# Computing limiting transition probabilities with absorbing states

A bank classifies loans as paid in full (F), in good standing (G), in arrears (A), or as a bad debt (B). Loans move between the categories according to the following transition probability:

$$B = \begin{pmatrix}1.0000 & 0 & 0 & 0 \\\ 0.1000 & 0.8000 & 0.1000 & 0 \\\ 0.1000 & 0.4000 & 0.4000 & 0.1000 \\\ 0 & 0 & 0 & 1.0000 \end{pmatrix}$$

What fraction of loans in good standing are eventually paid in full? What is the answer for those in arrears?

My Work

I am not sure how to go about this. I know how to compute transition probabilities for irreducible, aperiodic chains, but when I raise this transition matrix to a high power on MATLAB, I get

$$ans = \begin{pmatrix} 1.0000 & 0 & 0 & 0 \\\ 0.8750 & 0 & 0 & 0.1250 \\\ 0.7500 & 0 & 0 & 0.2500 \\\ 0 & 0 & 0 & 1.0000\end{pmatrix} .$$

So I can answer this question, I'm just not sure how to symbolically find these limiting probabilities.

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For a system this small, you can do everything by hand.

Let $x_i$ be the probability that you end up paid in full starting in state $i$. Use the transition probabilities to write one equation per state, saying that $x_i$ equals the weighted average of $x_j$, where the weight is the transition probability from $i$ to $j$ in one step. In other words, the chance to end up paid in full equals the expected value of the chance to be paid in full after the next step. For example, $x_G = 0.1 x_F + 0.8 x_G + 0.1 x_A$.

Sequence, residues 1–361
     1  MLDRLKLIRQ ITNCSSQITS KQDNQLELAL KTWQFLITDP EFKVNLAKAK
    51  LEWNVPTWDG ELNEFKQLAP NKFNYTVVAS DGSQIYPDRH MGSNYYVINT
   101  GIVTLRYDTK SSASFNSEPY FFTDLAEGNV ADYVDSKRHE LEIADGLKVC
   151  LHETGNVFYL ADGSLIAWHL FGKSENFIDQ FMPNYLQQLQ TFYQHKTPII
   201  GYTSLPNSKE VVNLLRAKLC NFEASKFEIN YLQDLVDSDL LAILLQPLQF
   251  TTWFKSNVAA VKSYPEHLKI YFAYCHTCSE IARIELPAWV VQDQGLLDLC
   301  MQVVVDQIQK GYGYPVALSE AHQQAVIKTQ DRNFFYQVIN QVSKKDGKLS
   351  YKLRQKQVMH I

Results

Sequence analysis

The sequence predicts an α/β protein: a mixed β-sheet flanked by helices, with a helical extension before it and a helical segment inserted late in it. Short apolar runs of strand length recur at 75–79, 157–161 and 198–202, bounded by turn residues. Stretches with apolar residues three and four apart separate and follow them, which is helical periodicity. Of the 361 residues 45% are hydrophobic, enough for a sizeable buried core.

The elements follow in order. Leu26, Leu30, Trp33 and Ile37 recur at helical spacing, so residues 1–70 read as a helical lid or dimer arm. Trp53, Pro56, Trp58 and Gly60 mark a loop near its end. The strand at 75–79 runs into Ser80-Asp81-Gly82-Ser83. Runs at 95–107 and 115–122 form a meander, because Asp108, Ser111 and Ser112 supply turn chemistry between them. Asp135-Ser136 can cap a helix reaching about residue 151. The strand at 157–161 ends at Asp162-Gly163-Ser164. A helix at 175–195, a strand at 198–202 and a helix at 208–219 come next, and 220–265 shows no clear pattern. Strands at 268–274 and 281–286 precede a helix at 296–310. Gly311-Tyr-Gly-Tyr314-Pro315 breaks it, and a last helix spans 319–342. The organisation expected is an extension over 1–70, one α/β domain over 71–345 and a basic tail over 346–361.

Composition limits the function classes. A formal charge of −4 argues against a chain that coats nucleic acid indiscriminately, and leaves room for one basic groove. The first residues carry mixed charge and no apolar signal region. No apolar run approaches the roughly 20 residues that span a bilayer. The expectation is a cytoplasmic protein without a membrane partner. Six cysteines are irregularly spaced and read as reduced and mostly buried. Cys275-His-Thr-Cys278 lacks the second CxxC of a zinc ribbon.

This gives you $4$ equations in $4$ unknowns, which should sound promising. However, $2$ of those equations are $x_F = x_F$ and $x_B = x_B$. You should replace those with $x_F = 1$ and $x_B = 0$.

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To answer that question you need to know a bit of linear algebra, and in particular about matrix diagonalization.

You can decompose matrix $B$ as the following matrix product.

$$B = P \Lambda P^{-1},$$

where the columns of P are eigenvectors and $\Lambda$ is a diagonal matrix, with eigenvalues on the diagonal. Note that

$$B^n = P \Lambda P^{-1} \ldots P \Lambda P^{-1} = P \Lambda^n P^{-1},$$

and that $\Lambda^n$ is very easy to compute, because it consists of the eigenvalues raised to the power $n$. In addition, all we need to know in order to compute the limit of $\Lambda^n$ is whether the values qre larger or smaller than 1.

When all values in $B$ are positive, the Perron-Frobenius guarantees that 1 is the unique largest (in modulus) eigenvalue. In general you can prove that 1 is always an eigenvalue of $B$ and in your case it is an eigenvalue of order 2 because you have two absorbing states. The other two eigenvalues are smaller than 1, and quickly go to 0 when raised to the power $n$. So the answer is the result of

$$P \begin{pmatrix}1 & 0 & 0 & 0 \\\ 0 & 1 & 0 & 0 \\\ 0 & 0 & 0 & 0 \\\ 0 & 0 & 0 & 0 \end{pmatrix} P^{-1}.$$

Here is how you can do it with R

B = matrix(c(1, .1, .1, 0, 0, .8, .4, 0, 0, .1, .4, 0, 0, 0, .1, 1), ncol=4)
eig = eigen(B)
# Show the eigen values.
eig[['values']]
# [1] 1.0000000 1.0000000 0.8828427 0.3171573
# Notice that 1 is there two times and the other two are
# less than 1.
P = eig[['vectors']]
# Show the matrix P.
P